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Ordinary Cities, Extraordinary Geographies

Ordinary Cities, Extraordinary Geographies PDF Author: Bryson, John R.
Publisher: Edward Elgar Publishing
ISBN: 1789908027
Category : Political Science
Languages : en
Pages : 264

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Book Description
This insightful book explores smaller towns and cities, places in which the majority of people live, highlighting that these more ordinary places have extraordinary geographies. It focuses on the development of an alternative approach to urban studies and theory that foregrounds smaller cities and towns rather than much larger cities and conurbations.

Ordinary Cities, Extraordinary Geographies

Ordinary Cities, Extraordinary Geographies PDF Author: Bryson, John R.
Publisher: Edward Elgar Publishing
ISBN: 1789908027
Category : Political Science
Languages : en
Pages : 264

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Book Description
This insightful book explores smaller towns and cities, places in which the majority of people live, highlighting that these more ordinary places have extraordinary geographies. It focuses on the development of an alternative approach to urban studies and theory that foregrounds smaller cities and towns rather than much larger cities and conurbations.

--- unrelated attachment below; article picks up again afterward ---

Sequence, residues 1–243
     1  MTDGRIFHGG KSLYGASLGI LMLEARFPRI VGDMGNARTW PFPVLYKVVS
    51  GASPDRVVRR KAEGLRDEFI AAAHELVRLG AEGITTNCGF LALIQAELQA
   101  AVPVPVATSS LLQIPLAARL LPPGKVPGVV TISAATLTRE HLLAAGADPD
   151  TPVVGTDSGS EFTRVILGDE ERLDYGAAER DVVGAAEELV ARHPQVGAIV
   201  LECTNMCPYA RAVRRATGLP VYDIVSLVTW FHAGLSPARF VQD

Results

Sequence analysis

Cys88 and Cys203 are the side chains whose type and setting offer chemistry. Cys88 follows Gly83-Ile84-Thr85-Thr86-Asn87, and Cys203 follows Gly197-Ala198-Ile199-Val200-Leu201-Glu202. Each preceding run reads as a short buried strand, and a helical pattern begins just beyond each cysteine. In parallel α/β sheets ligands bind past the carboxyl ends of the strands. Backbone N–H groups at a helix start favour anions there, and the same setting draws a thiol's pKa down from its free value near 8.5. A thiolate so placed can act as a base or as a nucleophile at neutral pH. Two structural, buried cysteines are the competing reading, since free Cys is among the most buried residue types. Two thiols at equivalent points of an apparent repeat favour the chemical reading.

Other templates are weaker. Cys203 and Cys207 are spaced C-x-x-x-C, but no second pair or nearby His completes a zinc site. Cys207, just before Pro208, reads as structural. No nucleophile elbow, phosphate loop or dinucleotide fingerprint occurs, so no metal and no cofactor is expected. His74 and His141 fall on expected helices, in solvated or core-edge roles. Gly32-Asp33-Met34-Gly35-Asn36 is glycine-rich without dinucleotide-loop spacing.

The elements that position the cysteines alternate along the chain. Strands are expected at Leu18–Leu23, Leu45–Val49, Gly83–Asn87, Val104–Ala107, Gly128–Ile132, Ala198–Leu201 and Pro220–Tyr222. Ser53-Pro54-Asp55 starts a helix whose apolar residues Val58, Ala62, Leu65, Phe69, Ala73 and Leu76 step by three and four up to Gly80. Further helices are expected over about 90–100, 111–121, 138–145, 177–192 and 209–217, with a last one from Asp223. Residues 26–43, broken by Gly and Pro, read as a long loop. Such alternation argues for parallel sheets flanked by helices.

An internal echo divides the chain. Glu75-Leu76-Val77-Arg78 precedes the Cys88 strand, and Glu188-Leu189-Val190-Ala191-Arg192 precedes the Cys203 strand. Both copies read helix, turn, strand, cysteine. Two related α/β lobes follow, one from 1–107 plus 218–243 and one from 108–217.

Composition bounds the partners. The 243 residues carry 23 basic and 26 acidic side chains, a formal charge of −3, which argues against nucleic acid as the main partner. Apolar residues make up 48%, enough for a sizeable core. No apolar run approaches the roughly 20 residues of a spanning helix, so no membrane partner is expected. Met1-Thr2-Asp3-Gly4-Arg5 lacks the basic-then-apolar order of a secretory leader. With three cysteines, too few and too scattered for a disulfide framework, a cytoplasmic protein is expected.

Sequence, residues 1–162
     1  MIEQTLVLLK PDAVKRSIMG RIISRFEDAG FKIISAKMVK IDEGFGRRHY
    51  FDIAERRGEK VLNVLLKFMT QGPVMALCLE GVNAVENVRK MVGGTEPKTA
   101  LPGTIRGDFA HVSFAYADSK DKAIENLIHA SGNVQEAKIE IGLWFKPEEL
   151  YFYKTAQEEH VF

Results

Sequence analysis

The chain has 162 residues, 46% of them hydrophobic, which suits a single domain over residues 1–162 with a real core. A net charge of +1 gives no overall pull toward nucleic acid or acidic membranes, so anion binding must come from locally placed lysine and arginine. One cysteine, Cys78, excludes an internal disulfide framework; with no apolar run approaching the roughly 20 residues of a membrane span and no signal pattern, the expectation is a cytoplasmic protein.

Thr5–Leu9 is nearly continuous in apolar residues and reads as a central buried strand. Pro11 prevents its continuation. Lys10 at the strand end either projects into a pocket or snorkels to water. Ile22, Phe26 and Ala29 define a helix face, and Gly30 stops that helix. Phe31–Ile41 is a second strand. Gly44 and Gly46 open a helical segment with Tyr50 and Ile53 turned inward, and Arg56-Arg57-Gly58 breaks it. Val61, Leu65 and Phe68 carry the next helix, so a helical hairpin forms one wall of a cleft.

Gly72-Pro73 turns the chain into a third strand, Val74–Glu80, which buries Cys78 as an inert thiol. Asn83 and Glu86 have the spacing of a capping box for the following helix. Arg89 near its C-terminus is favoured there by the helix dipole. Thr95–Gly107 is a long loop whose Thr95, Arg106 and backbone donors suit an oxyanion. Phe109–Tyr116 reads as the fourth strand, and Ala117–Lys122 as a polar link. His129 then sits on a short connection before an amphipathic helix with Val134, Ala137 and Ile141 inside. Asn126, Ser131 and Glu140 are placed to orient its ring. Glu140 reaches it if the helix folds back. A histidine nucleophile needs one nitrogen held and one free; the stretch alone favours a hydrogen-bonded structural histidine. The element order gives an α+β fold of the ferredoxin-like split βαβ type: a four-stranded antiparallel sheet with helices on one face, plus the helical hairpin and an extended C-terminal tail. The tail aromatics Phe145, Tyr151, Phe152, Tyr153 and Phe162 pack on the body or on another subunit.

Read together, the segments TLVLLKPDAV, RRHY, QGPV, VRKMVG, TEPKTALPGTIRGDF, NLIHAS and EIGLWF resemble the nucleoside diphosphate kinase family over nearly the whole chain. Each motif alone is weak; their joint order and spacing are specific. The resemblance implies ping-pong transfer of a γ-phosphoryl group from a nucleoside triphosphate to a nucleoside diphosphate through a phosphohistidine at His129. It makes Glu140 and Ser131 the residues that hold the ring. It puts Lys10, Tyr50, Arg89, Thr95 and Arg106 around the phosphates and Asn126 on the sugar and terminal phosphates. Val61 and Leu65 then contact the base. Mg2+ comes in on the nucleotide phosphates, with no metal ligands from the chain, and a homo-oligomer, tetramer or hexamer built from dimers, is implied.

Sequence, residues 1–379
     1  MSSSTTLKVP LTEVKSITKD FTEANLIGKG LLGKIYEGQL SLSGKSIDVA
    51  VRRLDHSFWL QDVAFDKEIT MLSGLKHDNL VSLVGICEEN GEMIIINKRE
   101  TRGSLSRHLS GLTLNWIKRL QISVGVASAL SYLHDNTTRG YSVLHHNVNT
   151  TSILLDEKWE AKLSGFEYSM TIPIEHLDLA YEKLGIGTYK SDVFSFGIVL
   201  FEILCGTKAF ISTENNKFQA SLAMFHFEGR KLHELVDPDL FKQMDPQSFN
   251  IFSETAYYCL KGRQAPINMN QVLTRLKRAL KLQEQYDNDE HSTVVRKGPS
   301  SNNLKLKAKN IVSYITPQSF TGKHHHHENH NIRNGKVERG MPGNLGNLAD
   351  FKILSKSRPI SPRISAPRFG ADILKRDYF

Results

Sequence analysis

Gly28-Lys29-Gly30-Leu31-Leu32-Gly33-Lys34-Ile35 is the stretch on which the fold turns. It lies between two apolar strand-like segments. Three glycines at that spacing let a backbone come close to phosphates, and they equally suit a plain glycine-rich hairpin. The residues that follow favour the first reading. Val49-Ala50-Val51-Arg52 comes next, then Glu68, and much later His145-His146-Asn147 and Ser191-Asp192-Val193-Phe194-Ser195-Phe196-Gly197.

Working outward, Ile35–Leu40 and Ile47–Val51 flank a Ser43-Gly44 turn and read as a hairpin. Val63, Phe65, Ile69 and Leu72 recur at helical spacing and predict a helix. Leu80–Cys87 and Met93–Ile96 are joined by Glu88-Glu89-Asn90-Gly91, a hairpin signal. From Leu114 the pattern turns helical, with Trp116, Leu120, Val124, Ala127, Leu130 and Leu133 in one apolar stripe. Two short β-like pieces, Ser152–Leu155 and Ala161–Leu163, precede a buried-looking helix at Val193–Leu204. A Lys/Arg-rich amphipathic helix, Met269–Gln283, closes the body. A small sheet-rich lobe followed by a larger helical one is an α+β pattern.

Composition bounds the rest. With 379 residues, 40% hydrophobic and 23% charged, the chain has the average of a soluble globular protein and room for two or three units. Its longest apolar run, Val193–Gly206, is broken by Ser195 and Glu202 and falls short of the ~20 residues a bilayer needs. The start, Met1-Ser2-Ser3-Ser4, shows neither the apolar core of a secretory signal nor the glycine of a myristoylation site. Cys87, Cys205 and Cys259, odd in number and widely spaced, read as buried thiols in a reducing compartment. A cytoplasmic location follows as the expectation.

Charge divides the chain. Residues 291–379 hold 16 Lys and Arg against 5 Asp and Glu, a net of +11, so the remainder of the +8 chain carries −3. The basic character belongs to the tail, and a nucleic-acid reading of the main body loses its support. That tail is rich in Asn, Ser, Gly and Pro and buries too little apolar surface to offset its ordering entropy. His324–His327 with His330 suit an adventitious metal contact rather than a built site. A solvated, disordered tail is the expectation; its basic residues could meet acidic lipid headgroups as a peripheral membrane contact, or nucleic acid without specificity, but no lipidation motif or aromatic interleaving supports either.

A Research Agenda for Manufacturing Industries in the Global Economy

A Research Agenda for Manufacturing Industries in the Global Economy PDF Author: Bryson, John R.
Publisher: Edward Elgar Publishing
ISBN: 1789908515
Category : Social Science
Languages : en
Pages : 288

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Book Description
This timely Research Agenda provides a state-of-the-art review of existing research on manufacturing, as well as highlighting key areas of study to advance the field. Expert contributors from across the globe analyse the central role of manufacturing industries in the global economy, considering it as a multi-scalar process and assessing the impact of climate change in necessitating the decarbonization of production processes.

Living with Pandemics

Living with Pandemics PDF Author: Bryson, John R.